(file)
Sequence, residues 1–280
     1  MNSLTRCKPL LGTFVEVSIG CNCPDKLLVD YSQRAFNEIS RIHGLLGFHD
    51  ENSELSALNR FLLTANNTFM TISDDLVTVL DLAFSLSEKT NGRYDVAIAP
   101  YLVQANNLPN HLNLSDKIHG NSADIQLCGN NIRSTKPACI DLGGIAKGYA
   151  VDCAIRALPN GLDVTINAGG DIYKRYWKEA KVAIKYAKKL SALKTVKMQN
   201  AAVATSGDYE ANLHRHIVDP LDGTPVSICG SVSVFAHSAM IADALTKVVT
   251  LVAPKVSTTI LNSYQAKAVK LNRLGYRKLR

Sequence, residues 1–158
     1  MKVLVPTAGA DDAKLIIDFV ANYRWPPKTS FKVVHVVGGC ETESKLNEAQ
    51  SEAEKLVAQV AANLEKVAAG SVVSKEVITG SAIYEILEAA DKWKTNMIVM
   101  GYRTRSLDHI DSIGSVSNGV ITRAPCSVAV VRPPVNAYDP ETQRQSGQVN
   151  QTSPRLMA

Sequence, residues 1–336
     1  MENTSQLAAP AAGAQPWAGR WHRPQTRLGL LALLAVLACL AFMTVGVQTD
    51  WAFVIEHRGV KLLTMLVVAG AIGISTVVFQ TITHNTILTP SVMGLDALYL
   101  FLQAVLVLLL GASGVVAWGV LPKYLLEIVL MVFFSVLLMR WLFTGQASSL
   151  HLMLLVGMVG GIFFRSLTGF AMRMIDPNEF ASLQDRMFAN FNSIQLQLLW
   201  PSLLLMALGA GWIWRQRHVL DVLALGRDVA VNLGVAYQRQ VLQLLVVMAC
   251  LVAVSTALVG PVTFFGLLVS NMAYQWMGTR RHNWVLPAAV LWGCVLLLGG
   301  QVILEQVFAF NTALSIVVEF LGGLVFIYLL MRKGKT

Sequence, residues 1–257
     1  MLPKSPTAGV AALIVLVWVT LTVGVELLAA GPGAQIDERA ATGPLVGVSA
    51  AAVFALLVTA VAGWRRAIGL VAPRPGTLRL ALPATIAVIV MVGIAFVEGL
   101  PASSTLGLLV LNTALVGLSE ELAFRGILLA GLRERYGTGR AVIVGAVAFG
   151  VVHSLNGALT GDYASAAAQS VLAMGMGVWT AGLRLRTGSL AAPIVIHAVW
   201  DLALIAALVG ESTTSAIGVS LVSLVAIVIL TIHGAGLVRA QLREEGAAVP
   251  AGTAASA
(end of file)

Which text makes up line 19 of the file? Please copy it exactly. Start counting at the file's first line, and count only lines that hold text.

   251  LVAVSTALVG PVTFFGLLVS NMAYQWMGTR RHNWVLPAAV LWGCVLLLGG